Washington: The last surviving member of the legendary 'Doolittle Raiders' has passed away at the age of 103, the US Air Force announced.
Retired Lt. Col. Richard "Dick" E. Cole died in the state of Texas.
The famous bombing raid was launched in retaliation for the Japanese attack on Pearl Harbour. It was named for Lt. Col. Jimmy Doolittle, who led the attack. Cole was Doolittle's co-pilot in the lead plane.
General Dave F. Goldfien, the US Air Force Chief of Staff, said, "Lt. Col. Dick Cole has slipped the surly bonds of Earth and reunited with his fellow Doolittle Raiders. We offer our eternal thanks and condolences to his family.
"We will proudly carry the torch he and his fellow Raiders handed us. May we never forget the long blue line...it's who we are."
Born in Dayton, Ohio, on 7 September 1915, Cole enlisted in the army in 1940. According to a release issued by the Air Force, he was commissioned as a second lieutenant in 1941. He was on training in the state of Oregon when he learned about Pearl Harbour.
The release stated that Cole volunteered for a mission with no known details. He would later say that he thought his unit was heading to North Africa.
It was only after practising flying manners for weeks and being at sea for two days on a carrier with 16 bombers on onboard that the Airmen and Sailors on the mission were told they were heading toward Tokyo, according to the release.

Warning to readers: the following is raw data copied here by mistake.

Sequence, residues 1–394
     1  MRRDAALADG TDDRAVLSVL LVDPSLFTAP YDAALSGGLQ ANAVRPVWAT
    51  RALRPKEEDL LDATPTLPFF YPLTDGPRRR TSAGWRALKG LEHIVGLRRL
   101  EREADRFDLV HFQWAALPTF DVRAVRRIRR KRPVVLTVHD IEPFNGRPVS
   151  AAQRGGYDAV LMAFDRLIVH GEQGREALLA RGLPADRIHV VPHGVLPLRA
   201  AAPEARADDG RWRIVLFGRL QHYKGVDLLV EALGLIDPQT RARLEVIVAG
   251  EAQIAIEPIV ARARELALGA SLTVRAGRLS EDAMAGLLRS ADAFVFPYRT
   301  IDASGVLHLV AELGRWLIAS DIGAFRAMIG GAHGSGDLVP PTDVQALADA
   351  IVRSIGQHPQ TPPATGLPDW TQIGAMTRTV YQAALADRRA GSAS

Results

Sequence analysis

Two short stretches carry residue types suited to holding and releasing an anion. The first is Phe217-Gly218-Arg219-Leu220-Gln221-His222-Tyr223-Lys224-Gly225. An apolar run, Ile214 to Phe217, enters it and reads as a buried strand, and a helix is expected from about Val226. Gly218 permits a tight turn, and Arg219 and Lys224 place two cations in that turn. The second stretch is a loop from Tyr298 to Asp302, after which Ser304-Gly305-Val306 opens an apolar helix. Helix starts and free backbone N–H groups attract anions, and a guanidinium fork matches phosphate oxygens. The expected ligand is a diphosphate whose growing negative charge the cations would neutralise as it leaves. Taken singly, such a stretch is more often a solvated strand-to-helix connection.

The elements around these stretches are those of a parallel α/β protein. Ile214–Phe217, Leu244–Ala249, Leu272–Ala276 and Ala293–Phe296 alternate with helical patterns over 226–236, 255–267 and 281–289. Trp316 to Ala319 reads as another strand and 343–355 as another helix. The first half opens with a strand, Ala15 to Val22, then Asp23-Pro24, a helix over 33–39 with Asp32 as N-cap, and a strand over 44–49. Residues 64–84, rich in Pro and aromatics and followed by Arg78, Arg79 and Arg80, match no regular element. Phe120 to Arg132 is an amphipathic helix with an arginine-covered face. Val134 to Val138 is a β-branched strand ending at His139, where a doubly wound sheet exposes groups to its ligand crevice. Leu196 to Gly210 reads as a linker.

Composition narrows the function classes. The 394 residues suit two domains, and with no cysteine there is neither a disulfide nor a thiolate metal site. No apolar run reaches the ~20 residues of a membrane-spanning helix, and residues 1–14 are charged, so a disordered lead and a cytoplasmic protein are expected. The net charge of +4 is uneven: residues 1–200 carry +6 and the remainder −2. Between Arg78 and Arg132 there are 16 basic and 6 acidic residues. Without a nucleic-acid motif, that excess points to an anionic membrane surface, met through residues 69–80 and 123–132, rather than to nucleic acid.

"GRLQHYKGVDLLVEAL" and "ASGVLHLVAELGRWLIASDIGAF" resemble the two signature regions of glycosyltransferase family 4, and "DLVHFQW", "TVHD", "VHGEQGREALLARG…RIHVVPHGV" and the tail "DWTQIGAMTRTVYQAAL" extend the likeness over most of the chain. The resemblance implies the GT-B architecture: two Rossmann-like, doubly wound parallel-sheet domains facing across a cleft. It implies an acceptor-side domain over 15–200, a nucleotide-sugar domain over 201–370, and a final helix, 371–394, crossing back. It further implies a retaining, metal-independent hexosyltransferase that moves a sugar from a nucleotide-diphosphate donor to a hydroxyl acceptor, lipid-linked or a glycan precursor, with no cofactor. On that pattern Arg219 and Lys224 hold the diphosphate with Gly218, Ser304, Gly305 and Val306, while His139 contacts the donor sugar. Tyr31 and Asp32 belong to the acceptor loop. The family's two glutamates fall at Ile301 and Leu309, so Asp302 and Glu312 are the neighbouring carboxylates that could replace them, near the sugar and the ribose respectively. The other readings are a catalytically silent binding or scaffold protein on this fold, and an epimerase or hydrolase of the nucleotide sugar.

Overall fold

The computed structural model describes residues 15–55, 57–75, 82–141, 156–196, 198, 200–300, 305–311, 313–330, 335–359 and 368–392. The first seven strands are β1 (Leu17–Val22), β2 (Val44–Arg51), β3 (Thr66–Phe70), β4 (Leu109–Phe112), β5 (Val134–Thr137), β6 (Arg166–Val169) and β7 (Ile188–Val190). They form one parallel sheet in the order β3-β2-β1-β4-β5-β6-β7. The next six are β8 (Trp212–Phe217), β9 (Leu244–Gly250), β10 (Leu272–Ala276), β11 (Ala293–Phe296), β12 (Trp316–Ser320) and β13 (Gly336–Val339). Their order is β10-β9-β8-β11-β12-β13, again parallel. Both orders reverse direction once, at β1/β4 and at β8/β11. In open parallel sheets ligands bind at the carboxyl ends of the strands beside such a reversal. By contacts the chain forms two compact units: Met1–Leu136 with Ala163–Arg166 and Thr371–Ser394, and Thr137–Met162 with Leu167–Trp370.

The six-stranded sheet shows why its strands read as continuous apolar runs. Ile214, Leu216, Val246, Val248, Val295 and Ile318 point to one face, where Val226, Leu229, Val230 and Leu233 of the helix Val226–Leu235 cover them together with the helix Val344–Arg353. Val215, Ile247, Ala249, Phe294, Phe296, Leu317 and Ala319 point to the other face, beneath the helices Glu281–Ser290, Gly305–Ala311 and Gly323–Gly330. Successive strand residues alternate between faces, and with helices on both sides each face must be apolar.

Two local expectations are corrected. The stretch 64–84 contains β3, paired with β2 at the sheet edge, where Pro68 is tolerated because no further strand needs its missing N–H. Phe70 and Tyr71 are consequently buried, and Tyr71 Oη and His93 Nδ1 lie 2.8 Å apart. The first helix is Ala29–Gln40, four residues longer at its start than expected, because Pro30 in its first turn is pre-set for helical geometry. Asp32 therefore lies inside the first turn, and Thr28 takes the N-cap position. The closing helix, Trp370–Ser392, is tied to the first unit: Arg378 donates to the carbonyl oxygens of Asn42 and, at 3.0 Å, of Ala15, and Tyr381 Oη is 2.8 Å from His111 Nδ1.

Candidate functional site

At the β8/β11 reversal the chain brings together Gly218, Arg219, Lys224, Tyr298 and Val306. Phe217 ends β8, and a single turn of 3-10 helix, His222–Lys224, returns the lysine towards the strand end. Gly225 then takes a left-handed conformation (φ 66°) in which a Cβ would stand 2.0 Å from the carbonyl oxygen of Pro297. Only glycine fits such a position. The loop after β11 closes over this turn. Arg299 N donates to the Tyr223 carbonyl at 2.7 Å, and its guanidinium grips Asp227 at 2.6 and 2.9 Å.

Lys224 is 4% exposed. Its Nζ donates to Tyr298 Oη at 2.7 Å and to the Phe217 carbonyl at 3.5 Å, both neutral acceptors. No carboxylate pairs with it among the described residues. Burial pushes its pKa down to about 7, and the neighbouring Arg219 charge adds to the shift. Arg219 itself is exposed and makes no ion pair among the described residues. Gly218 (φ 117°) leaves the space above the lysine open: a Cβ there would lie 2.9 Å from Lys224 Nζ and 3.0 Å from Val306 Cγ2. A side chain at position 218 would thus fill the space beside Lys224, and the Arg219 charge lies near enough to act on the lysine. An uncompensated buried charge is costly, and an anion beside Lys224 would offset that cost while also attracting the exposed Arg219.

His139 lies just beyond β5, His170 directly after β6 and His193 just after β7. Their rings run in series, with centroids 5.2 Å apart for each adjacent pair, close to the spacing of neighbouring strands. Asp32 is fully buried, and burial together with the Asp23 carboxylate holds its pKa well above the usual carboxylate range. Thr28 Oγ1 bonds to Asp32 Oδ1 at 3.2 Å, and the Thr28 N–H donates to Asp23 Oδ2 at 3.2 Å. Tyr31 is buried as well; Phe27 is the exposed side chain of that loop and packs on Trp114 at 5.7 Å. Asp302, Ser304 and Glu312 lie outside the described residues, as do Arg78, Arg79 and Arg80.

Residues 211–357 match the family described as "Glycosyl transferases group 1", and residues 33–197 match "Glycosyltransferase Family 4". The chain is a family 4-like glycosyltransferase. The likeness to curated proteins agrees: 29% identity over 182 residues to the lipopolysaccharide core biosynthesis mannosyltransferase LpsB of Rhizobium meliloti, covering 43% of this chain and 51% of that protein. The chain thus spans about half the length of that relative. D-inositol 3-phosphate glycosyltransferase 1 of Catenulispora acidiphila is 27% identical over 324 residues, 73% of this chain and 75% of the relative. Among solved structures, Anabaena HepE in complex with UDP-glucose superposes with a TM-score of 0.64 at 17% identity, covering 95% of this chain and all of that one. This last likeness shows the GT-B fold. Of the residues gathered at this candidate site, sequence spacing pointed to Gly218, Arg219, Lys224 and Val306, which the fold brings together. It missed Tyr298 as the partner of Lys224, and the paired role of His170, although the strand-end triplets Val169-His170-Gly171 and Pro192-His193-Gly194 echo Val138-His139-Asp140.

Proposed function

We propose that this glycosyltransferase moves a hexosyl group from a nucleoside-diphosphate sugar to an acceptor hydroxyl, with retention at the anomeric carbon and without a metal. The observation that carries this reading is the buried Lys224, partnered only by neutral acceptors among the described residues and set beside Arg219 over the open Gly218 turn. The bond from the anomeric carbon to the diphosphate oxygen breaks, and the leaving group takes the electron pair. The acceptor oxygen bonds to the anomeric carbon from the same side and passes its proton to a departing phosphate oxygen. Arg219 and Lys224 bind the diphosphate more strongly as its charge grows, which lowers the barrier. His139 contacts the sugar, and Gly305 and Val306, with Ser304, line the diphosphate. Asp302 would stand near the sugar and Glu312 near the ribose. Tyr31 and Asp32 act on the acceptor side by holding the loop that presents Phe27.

Dr. Heather Wilson, Secretary of the Air Force, said, "Lt. Col. Dick Cole reunited with the Doolittle Raiders in the clear blue skies today. My heart goes out to his friends & family as our Air Force mourns with them. We will honour him and the courageous Doolittle Raiders as pioneers in aviation who continue to guide our bright future."
After the raid, Cole continued to serve in the China-Burma-India Theater. Cole would also become one of the first Air Commandos in the US Army.
He said about the experience, "When they decided that they were going to form commando units, I didn't even know what air commando meant. They were looking for people that had been flying in the Chinese-Burma area. Since I had done that, well.. In my case a place for everything and everything in its place."
Governor George Abbot of Texas added, "In eternal gratitude, we honour the service and sacrifice of WWII veteran Richard Cole, 103, a Texan and the last of the daring Doolittle Raiders. His words, from an earlier interview: “Freedom is worth fighting for.”